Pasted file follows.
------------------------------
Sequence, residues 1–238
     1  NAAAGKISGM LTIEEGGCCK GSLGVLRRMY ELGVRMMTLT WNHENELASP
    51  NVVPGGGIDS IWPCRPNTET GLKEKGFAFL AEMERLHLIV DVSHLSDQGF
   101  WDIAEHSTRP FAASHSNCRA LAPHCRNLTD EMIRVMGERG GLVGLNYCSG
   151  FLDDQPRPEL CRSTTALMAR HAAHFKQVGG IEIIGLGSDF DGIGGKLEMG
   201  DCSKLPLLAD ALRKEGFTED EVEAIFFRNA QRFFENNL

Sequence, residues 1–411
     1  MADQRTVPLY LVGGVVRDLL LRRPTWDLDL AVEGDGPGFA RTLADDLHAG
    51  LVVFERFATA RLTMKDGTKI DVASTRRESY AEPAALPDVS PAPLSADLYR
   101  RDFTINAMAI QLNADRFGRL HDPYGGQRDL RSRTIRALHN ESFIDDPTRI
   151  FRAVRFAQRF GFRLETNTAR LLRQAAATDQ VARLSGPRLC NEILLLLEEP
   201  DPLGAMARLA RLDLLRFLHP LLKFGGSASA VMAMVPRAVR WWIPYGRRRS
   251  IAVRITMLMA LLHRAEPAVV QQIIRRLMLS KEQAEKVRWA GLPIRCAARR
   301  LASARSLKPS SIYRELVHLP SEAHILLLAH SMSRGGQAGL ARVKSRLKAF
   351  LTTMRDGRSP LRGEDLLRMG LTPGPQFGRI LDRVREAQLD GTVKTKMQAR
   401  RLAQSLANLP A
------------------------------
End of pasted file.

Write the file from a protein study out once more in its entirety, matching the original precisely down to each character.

Sequence, residues 1–238
     1  NAAAGKISGM LTIEEGGCCK GSLGVLRRMY ELGVRMMTLT WNHENELASP
    51  NVVPGGGIDS IWPCRPNTET GLKEKGFAFL AEMERLHLIV DVSHLSDQGF
   101  WDIAEHSTRP FAASHSNCRA LAPHCRNLTD EMIRVMGERG GLVGLNYCSG
   151  FLDDQPRPEL CRSTTALMAR HAAHFKQVGG IEIIGLGSDF DGIGGKLEMG
   201  DCSKLPLLAD ALRKEGFTED EVEAIFFRNA QRFFENNL

Sequence, residues 1–411
     1  MADQRTVPLY LVGGVVRDLL LRRPTWDLDL AVEGDGPGFA RTLADDLHAG
    51  LVVFERFATA RLTMKDGTKI DVASTRRESY AEPAALPDVS PAPLSADLYR
   101  RDFTINAMAI QLNADRFGRL HDPYGGQRDL RSRTIRALHN ESFIDDPTRI
   151  FRAVRFAQRF GFRLETNTAR LLRQAAATDQ VARLSGPRLC NEILLLLEEP
   201  DPLGAMARLA RLDLLRFLHP LLKFGGSASA VMAMVPRAVR WWIPYGRRRS
   251  IAVRITMLMA LLHRAEPAVV QQIIRRLMLS KEQAEKVRWA GLPIRCAARR
   301  LASARSLKPS SIYRELVHLP SEAHILLLAH SMSRGGQAGL ARVKSRLKAF
   351  LTTMRDGRSP LRGEDLLRMG LTPGPQFGRI LDRVREAQLD GTVKTKMQAR
   401  RLAQSLANLP A